‘There’s no love for the song or Madhuri, no consideration for what it meant to an entire generation and zero respect for its iconic choreography,’ says Sukanya Verma.
The great Sai Paranjype is 80 today.
The film-maker’s lookout on life, the humanity and wit of her everyday characters and their instinctive response to any given situation — never too evil nor too saintly — just plain real lend her creations an everlasting charm and sensitivity.
I can’t think of a time when I wasn’t aware of her presence or the significance of her contribution.
I remember watching Sparsh as a child on the big screen, I am still amazed at how much I understood, how much it moved and influenced me.
The scenes where Shabana Azmi turns storyteller for the blind school kids are eternal favourites.
There’s one about a princess fleeing from the clutches of a giant, another highlighting the misfortune of a kid named Harpapadlal Khatmalsen Pudiyaram Heengamal Thengaprasad.
I still haven’t forgotten the tension and thrill I felt on watching the princess (played by Shabana) escape and the puny giant’s crying frustration.
Sparsh is a mellow relationship drama, but Paranjype shoots the above sequences with the perception of a child.
Considering Paranjype’s first book of fairy tales was published when she was only eight years old, that’s hardly a surprise.
Happy Birthday, Sai Paranjype, you are cinema’s happily-ever after.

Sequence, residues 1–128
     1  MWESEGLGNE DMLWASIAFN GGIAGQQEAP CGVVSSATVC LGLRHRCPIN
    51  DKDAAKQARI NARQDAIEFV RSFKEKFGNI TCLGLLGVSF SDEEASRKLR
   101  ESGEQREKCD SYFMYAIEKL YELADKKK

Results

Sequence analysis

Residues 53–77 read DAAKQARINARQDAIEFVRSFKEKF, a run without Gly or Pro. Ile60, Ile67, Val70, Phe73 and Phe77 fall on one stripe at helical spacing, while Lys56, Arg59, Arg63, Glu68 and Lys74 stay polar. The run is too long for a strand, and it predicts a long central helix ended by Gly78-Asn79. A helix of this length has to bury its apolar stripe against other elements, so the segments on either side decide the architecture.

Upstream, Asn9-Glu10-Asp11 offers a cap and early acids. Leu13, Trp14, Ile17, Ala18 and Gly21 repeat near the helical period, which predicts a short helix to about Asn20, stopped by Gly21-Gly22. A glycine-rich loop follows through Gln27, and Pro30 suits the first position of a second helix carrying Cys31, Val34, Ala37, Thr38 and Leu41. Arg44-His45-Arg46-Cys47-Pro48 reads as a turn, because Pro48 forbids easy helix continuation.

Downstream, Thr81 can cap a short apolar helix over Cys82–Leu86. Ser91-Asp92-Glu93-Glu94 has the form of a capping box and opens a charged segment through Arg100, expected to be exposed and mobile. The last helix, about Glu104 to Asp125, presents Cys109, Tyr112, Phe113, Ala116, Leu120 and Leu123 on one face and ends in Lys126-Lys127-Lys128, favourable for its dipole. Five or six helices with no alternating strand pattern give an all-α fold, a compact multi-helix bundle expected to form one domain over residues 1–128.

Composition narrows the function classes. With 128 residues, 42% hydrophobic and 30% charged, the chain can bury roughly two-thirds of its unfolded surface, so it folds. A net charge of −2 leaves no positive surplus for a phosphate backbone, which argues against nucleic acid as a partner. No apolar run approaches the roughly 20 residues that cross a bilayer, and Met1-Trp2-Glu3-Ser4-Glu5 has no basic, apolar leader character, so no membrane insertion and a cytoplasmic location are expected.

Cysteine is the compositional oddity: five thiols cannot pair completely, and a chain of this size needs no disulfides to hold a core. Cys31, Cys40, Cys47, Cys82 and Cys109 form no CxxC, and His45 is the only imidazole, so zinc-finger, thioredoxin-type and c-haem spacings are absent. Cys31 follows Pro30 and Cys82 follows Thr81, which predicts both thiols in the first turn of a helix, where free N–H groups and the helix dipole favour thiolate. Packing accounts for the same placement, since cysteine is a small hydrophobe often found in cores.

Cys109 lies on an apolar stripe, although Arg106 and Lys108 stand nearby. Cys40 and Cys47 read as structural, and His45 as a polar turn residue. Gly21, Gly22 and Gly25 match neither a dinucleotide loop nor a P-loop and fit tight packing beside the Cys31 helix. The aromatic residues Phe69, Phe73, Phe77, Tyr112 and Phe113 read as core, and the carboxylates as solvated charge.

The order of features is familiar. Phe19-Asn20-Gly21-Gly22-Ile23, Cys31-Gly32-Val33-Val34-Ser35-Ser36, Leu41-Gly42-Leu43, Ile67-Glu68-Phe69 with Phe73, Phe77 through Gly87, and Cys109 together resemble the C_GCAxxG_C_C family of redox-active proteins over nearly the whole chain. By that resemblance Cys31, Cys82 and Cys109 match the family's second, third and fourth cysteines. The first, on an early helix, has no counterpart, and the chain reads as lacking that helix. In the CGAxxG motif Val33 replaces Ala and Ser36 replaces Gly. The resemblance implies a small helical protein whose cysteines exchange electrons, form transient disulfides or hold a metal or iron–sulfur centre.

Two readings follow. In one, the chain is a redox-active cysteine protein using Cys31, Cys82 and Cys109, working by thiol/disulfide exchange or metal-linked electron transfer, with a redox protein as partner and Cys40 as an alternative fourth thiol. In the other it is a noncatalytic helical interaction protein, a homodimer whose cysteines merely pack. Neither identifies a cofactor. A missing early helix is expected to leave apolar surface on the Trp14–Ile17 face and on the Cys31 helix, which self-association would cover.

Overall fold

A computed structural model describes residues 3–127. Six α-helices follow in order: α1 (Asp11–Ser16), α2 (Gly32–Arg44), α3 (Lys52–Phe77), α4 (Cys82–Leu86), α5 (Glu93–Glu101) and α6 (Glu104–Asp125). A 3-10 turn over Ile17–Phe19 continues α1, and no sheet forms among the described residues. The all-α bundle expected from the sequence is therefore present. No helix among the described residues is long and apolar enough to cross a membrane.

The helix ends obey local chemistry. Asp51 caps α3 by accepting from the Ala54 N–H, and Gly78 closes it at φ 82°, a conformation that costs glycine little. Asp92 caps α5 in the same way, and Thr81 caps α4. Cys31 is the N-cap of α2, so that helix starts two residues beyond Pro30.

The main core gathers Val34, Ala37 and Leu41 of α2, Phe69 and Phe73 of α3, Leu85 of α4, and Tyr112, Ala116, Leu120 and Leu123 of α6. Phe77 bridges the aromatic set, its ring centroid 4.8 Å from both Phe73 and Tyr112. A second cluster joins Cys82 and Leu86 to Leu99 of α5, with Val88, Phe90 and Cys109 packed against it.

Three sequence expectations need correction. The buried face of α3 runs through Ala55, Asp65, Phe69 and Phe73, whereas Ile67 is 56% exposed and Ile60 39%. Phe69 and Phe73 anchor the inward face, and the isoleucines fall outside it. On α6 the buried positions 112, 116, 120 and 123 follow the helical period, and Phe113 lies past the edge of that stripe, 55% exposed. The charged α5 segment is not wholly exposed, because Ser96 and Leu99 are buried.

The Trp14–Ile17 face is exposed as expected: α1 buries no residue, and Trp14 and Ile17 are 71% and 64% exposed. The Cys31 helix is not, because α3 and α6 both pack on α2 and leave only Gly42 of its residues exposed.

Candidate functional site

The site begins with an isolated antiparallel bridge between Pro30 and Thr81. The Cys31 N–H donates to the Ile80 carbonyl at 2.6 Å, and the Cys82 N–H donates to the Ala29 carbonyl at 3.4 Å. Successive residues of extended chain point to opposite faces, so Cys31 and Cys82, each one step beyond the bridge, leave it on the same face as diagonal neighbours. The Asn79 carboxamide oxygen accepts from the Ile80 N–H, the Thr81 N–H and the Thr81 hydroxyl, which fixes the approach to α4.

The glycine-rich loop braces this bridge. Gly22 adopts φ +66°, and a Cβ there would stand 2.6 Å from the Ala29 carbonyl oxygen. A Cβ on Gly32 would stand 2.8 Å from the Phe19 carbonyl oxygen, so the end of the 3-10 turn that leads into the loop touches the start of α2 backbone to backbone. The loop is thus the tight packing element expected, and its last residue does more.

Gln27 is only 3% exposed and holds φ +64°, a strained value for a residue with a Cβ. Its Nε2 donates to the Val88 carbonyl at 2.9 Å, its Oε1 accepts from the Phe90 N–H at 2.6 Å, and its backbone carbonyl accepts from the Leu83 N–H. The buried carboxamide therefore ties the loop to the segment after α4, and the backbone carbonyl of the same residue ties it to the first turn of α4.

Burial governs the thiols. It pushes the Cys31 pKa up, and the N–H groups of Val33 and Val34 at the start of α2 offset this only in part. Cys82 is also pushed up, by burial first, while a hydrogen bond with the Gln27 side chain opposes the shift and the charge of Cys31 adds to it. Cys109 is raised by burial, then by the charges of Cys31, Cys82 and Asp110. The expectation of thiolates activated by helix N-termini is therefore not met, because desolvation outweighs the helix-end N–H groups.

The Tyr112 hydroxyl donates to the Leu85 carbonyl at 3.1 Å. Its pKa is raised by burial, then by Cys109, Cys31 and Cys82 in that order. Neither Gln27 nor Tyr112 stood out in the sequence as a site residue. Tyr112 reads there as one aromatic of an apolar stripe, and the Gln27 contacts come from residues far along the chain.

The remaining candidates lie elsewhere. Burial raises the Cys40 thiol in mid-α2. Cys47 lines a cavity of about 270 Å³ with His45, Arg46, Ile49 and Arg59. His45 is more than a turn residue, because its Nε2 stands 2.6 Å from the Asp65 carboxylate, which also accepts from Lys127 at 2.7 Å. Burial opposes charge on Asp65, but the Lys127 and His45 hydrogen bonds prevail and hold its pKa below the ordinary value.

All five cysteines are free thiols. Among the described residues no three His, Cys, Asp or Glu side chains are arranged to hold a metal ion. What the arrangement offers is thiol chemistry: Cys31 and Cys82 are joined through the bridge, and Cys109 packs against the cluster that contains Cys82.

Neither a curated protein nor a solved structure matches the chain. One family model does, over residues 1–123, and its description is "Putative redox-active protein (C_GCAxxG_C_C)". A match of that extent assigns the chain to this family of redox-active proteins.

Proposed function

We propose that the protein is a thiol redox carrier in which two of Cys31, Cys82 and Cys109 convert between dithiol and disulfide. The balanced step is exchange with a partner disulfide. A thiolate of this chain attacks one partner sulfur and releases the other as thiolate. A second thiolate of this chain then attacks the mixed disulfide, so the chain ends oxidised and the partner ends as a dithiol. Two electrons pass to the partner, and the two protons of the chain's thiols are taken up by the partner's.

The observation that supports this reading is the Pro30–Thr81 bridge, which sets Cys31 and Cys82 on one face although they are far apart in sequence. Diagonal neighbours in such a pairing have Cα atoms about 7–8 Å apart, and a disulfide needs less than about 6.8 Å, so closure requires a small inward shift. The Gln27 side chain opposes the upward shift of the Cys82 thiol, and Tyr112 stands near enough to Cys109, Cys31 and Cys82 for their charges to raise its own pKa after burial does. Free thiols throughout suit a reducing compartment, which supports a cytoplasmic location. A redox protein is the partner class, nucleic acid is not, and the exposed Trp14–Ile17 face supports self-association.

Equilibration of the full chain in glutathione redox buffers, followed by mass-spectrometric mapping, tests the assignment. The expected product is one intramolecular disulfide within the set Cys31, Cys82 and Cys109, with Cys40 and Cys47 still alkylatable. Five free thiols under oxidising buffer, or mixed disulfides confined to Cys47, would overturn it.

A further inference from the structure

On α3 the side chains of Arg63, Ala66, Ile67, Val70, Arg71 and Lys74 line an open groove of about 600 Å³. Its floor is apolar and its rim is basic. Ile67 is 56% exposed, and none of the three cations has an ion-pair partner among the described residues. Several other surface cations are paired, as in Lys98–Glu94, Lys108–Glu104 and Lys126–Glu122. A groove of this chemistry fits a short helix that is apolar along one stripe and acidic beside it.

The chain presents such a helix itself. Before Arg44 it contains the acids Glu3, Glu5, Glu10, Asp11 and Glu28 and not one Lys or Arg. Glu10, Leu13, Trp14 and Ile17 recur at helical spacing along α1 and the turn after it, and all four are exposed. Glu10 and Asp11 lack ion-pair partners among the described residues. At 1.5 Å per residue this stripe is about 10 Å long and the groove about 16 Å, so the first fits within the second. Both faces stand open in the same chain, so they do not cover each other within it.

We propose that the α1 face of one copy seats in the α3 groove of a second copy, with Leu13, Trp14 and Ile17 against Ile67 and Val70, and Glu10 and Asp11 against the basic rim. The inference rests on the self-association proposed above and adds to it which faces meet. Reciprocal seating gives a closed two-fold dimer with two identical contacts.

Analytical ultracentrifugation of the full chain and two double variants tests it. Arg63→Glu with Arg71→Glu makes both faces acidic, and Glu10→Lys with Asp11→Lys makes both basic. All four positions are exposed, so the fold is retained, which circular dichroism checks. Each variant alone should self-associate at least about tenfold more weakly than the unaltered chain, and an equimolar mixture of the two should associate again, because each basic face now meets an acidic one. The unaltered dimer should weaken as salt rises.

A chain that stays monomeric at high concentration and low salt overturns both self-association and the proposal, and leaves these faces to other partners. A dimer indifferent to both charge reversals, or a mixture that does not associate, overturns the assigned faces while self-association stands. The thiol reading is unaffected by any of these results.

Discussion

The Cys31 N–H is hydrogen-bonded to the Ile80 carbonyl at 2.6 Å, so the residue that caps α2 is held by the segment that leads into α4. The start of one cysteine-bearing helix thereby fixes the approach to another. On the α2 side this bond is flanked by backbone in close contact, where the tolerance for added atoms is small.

Tuesday thoughts: Raveena Tandon is to bubble gum what Rajinikanth is to sunglasses.
Rajesh Khanna’s head bobble, Dev Anand’s furious swinging of hands, Amitabh Bachchan’s Hain in that booming baritone, Shah Rukh Khan’s trademark spreading of arms, Salman Khan’s shirtless fervour, swagger is such a male attribute in Hindi cinema.
So thank God for Raveena and the badass spirit of her gum chewing vigour.
‘I can’t believe they’ve done this to Ek Do Reen. It’s crass beyond imagination.’
Director N Chandra is boiling mad. Understandably too.
Bollywood’s paucity of ideas may be on an all-time high, but it doesn’t give them the right to pulverise one beloved classic after another into crude, crummy, versions.
The Tezaab chartbuster is a pop culture jewel that turned Madhuri Dixit into an overnight star inspiring permanent awe among fans and dance lovers.
To see its glorious imagery reduced to the unflattering sight of Jacqueline Fernandez’s ribcage is simply unacceptable.
If this was Hollywood, fans would have signed petitions to get it off air.
I am averse to remixes, but can live with ones that at least have their intentions in place.
Like Vidya Balan gyrating to Sridevi’s Hawa Hawai in Tumhari Sulu never discredits the original.
But the Ek Do Teen remix is outright perversion.
There’s no love for the song or Madhuri, no consideration for what it meant to an entire generation and zero respect for its iconic choreography.
Annihilation, the new Netflix original movie, gains a great deal from its excellent production design.